The Man in Black could be a man of few words.

    But they sure beat a Sunday Morning Coming Down. I’ve mentioned several music icons in this space. Specifically, I have identified a few who were ultimately victims of the disease. The thought occurred to me that I might need some new music role models. Not that I’ll ever completely forget where I came from.  But since the idea is that progress is forward, not backwards, I took a look at my musical catalog and looked for someone who made it out alive. Cue, the Man in Black.

    Johnny Cash was a complicated man, often described as a devout but troubled Christian. His heart was good but his behavior wasn’t always. His music probably describes the internal and uniquely human dichotomy of high-minded intellect opposing base instinct as vividly as anyone this side of the Apostle Paul. He had a decades-long battle with addiction, but he died a sober and old man. His humility and willingness to be honest with himself about his shortcomings are the touchstones of any successful recovery.

    Johnny Cash resonates with me personally because even at his most debaucherous, he knew that he was not being true to himself or his roots. There was a yearning in him for a place and a time he had been before, but did not know exactly how to recapture. As AIC put it, “have I run too far to get home?” For our subject today, the answer was thankfully no. He eventually found Peace in the Valley.

    Sunday Morning Coming Down.

 

Peace in the Valley.

 

Day 35: No Excuses.

May 28, 2011

    I haven’t been posting very consistently this week, but that’s mainly because I’ve been busy during the day, and the time when I post most often – the early morning – is the only time I’ve been able to get good sleep. And I choose sleep over you, I hope you don’t hold that against me. I have lots of material for this week, though, so stay tuned.

    I’ll post more later today (promise this time). In the meantime, enjoy the melodic  “No Excuses,” by a frequent subject of this blog, AIC.

Rest In Peace

His partially decomposed body was discovered eights years ago today, roughly two weeks after his death, which was most likely a result of an overdose of cocaine and heroin (the level of decomposition was such that toxicology reports were not entirely reliable). Layne struggled throughout his life with substance abuse.  He used substances and routes of administration that were often identical to mine. He self-medicated depression just like I did. I have outlived him by a year.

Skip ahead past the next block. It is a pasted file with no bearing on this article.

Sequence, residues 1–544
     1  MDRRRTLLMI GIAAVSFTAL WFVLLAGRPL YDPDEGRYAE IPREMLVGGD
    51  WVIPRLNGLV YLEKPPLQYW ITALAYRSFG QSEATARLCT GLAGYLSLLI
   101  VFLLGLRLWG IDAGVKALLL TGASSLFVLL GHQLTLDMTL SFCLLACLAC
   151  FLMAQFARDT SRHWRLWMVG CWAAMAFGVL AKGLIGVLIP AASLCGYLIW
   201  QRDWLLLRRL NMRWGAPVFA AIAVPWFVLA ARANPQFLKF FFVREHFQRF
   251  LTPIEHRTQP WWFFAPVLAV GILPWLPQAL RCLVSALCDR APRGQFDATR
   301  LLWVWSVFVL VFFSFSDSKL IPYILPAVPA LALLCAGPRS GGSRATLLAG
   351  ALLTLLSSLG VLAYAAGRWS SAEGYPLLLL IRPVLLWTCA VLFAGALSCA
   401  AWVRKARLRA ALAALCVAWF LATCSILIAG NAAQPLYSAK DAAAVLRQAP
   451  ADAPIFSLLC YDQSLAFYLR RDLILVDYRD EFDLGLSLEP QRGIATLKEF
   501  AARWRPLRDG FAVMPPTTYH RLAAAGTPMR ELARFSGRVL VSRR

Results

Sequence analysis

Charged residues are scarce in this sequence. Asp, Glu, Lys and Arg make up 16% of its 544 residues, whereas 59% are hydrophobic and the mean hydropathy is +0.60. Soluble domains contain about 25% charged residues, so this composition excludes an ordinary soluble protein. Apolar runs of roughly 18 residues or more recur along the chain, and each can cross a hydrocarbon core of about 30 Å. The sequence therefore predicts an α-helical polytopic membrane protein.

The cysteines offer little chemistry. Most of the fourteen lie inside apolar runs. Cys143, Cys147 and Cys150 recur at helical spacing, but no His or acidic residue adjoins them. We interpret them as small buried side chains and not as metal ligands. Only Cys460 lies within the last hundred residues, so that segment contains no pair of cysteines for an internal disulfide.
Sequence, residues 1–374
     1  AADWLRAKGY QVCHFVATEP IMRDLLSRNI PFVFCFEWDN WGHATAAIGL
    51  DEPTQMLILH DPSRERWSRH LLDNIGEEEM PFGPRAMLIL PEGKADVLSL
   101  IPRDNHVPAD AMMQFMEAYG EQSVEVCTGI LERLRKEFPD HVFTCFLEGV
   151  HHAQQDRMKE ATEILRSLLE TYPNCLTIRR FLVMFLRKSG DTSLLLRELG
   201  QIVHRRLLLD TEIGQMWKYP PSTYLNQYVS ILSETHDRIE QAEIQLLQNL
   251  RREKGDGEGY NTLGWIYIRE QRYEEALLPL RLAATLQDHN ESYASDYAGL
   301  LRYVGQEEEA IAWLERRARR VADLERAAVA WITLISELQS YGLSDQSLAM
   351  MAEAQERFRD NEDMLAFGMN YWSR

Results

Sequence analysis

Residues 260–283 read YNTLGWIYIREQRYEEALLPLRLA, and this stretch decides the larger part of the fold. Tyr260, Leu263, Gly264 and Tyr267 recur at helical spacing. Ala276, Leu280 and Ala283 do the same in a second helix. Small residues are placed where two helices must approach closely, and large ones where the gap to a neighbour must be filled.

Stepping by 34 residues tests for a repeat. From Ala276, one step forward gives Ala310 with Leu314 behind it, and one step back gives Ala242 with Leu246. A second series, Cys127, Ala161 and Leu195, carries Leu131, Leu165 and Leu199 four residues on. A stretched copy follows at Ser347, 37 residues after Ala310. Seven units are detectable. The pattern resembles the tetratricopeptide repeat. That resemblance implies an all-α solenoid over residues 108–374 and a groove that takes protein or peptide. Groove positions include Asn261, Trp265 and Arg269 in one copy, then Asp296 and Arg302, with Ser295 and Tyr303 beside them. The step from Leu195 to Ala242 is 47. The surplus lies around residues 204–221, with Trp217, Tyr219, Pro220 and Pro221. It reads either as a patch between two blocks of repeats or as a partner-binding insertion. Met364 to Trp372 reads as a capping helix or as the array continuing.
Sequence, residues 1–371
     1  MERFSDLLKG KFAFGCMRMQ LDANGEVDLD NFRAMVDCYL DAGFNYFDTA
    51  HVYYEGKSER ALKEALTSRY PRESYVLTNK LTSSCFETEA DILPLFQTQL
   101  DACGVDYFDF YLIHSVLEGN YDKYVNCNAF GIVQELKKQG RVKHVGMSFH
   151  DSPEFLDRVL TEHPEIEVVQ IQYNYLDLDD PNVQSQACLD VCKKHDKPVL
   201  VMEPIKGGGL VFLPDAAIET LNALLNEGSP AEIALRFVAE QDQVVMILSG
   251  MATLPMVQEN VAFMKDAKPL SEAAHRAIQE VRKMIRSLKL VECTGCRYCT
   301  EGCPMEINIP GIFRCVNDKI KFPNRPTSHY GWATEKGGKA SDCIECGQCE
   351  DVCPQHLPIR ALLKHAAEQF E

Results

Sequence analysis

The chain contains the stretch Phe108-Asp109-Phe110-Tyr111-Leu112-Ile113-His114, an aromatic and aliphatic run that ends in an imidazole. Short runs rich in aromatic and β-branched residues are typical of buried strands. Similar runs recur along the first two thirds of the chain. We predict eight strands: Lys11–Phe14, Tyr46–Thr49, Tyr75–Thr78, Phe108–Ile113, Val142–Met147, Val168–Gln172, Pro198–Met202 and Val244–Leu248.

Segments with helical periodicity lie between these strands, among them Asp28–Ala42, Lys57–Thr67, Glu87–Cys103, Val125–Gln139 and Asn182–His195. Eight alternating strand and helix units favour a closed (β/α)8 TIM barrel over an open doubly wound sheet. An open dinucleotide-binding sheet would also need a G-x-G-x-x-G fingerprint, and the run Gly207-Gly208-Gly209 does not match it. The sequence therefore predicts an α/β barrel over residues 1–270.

There is a mother who sees the picture above and sees a beautiful boy who she could do nothing to save. That is why I am writing this stuff down. A force that is capable of  overpowering a mother’s love is something we need to study. It is an enemy we need to know everything about we possibly can. And right now I am fighting that fight, against that enemy, and the stakes are identical. Drugs are a zero-sum game: one winner, one loser. And the house wins waaaaay too often.

I happen to be a fan of Layne’s. I couldn’t overstate my admiration for him, in fact, so I’m not going to embarrass myself trying. For me the fact that he and other people like him are gone forever because of this disease leaves me with an oppressive emptiness. Like there’s just a big void out there in the ether where their art and music were supposed to be. And don’t get me wrong, a lot of these people were complete shits who treated people like shit and reaped what they sowed. But Layne wasn’t like that. I don’t believe so anyway.

The lyrics to Would by AIC are some of the most powerful ever, by anyone who ever tried to explain why we do what we do. We, being addicts. Defending the indefensible. What we really want – just once – is for you to try and see it our way. Which we know is impossible, but we still yearn for that kind of understanding, just that one time, from someone on the outside of the fishbowl.  
 
WOULD
Know me broken by my master,
Teach thee on child of love hereafter;
Into the flood again,
Same old trip it was back then;
So I made a big mistake,
Try to see it once my way.

Drifting body it’s sole desertion,
Flying not yet quite the notion;

Into the flood again,
Same old trip it was back then;
So I made a big mistake,
Try to see it once my way.

Into the flood again,
Same old trip it was back then;
So I made a big mistake,
Try to see it once my way.

Am I wrong?
Have I run to far to get home?
Have I gone?
And left you here alone?
Am I wrong?
Have I run to far to get home?
Have I gone?
And left you here alone?

If I would, could you?